Diversion Authority board votes to submit new plan to Minnesota regulators
FARGO – The Diversion Authority’s board members voted unanimously to accept all recommendations from a task force and will submit a new permit application to the Minnesota Department of Natural Resources.
The expected vote, which came Friday, March 16, followed months of talks by task force members, appointed by the governors of Minnesota and North Dakota, aimed at coming up with an acceptable plan that would obtain a permit from the Minnesota DNR.
“It is time for the Diversion Authority to make this official,” Moorhead Mayor Del Rae Williams, who is the board’s chairwoman, said in a statement. Last week, diversion officials announced the new plan.
“We are looking forward to working with the DNR over the next several months through an iterative and detailed review of the permit application,” Williams added.
The Minnesota DNR refused to grant a permit for the original diversion plan, concluding that it would allow too much development in the floodplain, and Minnesota officials complained it had adverse impacts in Minnesota that exceeded the state’s benefits from the project.
A permit from the DNR is required for a dam across the Red River that will temporarily store water to control downstream releases during severe floods estimated to occur once every 20 years.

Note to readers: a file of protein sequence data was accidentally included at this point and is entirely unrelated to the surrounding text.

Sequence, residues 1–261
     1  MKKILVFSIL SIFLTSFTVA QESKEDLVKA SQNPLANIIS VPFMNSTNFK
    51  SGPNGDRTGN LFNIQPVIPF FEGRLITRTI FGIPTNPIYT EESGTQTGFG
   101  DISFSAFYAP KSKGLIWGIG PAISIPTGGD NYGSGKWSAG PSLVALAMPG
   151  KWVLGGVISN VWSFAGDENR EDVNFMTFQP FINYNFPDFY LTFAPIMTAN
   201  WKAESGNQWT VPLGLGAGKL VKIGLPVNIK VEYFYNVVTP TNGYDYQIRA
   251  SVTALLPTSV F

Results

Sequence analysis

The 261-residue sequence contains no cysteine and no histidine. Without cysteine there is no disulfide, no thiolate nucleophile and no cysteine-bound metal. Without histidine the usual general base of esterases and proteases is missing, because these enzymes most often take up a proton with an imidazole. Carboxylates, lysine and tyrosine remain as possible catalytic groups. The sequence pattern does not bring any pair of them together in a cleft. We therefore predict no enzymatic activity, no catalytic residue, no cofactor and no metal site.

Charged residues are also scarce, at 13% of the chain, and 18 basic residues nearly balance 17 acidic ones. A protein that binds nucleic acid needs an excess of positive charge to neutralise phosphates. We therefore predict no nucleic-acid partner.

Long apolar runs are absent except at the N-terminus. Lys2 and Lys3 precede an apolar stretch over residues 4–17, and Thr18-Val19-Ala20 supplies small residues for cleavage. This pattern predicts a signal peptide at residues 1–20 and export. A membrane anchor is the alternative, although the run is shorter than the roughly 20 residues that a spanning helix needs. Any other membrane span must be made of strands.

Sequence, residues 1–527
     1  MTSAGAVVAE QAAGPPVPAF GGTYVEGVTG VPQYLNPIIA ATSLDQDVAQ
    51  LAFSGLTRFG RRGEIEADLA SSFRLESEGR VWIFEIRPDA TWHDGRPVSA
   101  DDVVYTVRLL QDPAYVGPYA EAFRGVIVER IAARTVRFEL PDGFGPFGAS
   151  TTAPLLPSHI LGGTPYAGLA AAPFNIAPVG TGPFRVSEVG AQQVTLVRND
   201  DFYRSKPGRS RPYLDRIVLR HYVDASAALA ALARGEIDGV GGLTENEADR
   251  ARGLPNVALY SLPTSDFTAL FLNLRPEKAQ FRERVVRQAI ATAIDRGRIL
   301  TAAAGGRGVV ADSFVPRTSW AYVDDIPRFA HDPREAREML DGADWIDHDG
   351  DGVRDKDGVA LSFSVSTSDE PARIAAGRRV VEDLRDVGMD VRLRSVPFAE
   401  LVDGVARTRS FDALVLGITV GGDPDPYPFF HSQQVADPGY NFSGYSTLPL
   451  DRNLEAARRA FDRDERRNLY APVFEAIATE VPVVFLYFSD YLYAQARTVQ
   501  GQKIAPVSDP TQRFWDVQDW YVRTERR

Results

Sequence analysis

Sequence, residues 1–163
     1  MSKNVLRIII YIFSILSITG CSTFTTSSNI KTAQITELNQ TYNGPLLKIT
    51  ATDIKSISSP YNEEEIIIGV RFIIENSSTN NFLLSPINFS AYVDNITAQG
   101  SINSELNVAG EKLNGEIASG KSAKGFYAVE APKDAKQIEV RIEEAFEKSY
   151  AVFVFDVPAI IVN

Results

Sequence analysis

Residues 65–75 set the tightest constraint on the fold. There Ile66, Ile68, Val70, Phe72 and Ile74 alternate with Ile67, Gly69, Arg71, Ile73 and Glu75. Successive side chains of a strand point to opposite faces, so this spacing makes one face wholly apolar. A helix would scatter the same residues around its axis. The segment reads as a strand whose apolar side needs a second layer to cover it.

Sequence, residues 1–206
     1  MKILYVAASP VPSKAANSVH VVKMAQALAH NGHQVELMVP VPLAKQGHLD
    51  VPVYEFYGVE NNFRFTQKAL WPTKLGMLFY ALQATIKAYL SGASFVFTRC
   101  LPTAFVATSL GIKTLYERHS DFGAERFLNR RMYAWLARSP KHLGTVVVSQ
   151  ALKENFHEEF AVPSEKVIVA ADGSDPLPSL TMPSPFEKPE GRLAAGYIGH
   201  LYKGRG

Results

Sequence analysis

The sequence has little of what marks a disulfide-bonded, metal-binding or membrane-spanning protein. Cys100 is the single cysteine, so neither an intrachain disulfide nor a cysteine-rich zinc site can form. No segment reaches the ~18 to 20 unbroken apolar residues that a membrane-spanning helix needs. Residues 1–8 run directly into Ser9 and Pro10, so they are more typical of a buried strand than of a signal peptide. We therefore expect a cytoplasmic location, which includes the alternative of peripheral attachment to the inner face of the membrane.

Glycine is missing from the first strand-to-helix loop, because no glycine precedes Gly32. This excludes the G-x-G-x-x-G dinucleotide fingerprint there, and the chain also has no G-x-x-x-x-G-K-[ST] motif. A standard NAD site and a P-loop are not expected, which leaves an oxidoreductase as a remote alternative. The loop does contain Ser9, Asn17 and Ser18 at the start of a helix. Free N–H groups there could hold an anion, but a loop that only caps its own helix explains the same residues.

“Today’s vote demonstrates that with strong communication and a common goal, we can work together to achieve permittable flood protection for the greater F-M area,” North Dakota Gov. Doug Burgum said in a statement.
Burgum expressed appreciation for a “partnership” with Minnesota Gov. Mark Dayton, Fargo Mayor Tim Mahoney and Williams, as well as other community leaders, and said he looked forward to “continuing our shared commitment to this project.”
Flood diversion officials hope a permit can be obtained this year and to resume construction next year, with completion in 2025 on the $2.4 billion project.
Notable changes in the revised plan include allowing an additional 2 feet of water to run through Fargo-Moorhead when the 36-mile flood diversion channel is operating, or a river level of 37 feet instead of the originally planned 35 feet.
The higher river level will require additional levee work and home acquisition in low-lying, flood-prone areas of Fargo, Moorhead and rural Cass County.
Another change, a levee on the Minnesota side, will limit the extent of impacts in Minnesota from temporarily storing water, including eliminating any impacts to the city of Comstock as well as the need to elevate stretches of U.S. Highway 75 and railroad track.
In North Dakota, the revised plan calls for moving the embankment further north in rural Cass County, which officials say strikes a better balance between North Dakota and Minnesota and reduces impacts to the upstream areas in both states south of the metro area.